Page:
Can We Just Leave Theology Alone?

This web site will focus on sharing ministry resources, presenting discipleship methods and discussing biblical Christianity and issues of impact. With that pursuit in view, including theology and theological terms is unavoidable. I happen to enjoy theology and the discussion and thought efficiencies that a shared theological lexicon affords. However, there are two errors we can reach in regard to theology.


Error #1: “Can’t we just focus on the things that matter?”

I get it, theology is not everyone’s cup of tea. I’m sure we have all heard–or even said yourself–someone say something like, “I don’t want to waste my time with all the beard-stroking theological talk; I just want to think about what is practical and know how I should live.” Inherent in that comment is the assumption that theology is just a knowledge set for academics that has no bearing in real life. In reality, however, questions like like Who is God and how does He deal with humanity?, How should I live?, and What are the things that really matter in my lifeare all theological questions at their core. God’s revealed word, the Bible, is the only sufficient means we have for knowing God, discovering the seriousness of our sin, trusting the gospel of salvation by grace through faith in Christ, and how we should live as faithful followers of Christ.  Theology is the exercise of understanding the revealed Word of God and how it applies to our lives. If our interactions with theology don’t lead us to worship and earnestly, more faithfully follow Christ, something is wrong.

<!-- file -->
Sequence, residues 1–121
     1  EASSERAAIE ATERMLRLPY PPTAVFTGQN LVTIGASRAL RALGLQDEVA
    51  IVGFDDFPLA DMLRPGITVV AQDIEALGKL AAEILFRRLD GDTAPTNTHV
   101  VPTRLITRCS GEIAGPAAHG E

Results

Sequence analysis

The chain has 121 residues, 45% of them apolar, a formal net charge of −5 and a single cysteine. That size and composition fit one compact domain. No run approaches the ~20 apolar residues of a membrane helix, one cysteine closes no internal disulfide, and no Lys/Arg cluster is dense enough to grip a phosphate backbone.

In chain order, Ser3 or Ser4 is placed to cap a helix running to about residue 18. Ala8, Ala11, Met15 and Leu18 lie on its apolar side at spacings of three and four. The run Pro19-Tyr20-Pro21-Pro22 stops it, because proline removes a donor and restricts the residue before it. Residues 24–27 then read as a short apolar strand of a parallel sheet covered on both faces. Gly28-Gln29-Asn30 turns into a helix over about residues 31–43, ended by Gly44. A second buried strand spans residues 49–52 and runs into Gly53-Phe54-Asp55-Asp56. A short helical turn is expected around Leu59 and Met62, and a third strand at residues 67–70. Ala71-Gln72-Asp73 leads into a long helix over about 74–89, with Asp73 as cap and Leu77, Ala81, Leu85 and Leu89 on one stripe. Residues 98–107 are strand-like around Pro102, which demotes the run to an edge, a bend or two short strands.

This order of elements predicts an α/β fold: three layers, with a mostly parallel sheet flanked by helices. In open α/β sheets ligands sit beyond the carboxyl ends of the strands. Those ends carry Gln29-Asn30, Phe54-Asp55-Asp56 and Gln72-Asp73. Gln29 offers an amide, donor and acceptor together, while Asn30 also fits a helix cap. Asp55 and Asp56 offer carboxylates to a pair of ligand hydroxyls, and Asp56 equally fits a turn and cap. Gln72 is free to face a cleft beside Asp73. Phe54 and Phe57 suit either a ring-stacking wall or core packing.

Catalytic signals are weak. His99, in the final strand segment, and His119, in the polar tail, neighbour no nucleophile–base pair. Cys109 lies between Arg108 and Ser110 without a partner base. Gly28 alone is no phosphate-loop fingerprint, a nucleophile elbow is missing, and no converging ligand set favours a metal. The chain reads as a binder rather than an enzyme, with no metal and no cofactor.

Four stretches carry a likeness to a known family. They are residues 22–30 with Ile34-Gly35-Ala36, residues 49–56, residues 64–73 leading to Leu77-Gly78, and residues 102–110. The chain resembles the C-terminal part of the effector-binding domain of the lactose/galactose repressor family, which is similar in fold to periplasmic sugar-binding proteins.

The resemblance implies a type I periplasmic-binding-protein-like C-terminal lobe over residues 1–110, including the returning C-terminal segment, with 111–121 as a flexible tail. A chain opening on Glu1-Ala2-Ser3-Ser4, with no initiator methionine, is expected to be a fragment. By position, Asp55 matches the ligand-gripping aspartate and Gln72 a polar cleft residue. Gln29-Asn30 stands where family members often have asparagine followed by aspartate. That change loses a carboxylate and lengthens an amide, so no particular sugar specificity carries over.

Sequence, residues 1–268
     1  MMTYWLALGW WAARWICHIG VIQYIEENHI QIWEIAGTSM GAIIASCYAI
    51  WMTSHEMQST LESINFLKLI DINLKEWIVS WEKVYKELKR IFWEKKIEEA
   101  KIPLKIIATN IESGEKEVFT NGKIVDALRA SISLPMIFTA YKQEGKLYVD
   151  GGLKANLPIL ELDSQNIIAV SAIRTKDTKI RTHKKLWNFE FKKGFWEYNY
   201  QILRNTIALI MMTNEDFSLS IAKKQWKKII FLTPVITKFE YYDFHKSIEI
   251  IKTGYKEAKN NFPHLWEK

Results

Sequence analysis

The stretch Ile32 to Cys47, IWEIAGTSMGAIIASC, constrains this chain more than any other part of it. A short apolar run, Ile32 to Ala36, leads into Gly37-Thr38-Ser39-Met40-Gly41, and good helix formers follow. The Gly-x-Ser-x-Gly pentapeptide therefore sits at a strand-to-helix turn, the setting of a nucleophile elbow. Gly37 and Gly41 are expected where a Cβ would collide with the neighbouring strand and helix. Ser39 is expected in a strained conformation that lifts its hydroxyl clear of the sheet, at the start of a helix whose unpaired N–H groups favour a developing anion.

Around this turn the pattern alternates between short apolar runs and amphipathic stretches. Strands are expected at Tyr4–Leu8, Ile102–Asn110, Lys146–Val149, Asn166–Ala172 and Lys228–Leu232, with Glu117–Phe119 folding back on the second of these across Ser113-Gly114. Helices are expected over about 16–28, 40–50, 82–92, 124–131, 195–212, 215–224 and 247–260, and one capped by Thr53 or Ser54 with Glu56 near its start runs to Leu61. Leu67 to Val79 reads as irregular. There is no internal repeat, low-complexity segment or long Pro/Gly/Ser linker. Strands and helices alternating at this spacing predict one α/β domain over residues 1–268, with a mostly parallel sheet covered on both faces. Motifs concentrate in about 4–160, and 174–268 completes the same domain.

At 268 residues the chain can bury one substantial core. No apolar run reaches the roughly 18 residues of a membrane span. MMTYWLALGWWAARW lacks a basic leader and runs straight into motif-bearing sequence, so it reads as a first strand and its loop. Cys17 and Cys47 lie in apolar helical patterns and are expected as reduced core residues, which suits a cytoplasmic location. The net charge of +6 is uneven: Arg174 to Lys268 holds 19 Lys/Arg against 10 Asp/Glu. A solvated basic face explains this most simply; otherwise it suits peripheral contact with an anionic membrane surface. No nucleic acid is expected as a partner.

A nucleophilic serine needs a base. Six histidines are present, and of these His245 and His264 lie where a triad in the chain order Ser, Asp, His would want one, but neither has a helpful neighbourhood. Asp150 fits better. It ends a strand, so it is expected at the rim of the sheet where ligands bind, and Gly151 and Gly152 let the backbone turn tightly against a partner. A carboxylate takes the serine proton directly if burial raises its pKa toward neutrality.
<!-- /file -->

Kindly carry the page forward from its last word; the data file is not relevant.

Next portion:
Error #2: Theology that Doesn’t Lead to Doxology

Theology is the exercise of knowing and applying the Bible–it is a study of everything that matters about everything that matters. But sin is sneaky and we are weak; even with the best of intentions, it is easy to find ourselves puffed up by knowledge, to make mountains out of mole hills, or to make theology a mental-only exercise and rarely live it out. In part, I suppose this is where folks occasionally get the idea that theology makes no difference in our lives.


Now, let me be clear: you don’t have to have a seminary degree to have biblically informed doctrine that you apply faithfully to your life.  Additionally, you don’t need to know the technical term of the hypostatic union of Christ  to rightly understand that Christ’s existence is one that is both fully human and fully divine. With that in mind, this web site will look to avoid technical theological terms so as to be beneficial to everyone.  When appropriate, technical terms might be provided with a plain description.


My prayer for myself and others is that I would not neglect the serious effort of understanding and applying the whole of the Bible to my life without being puffed up or treating it as a purely mental exercise.  Here are nine questions to help gauge the health of your interaction with theology.


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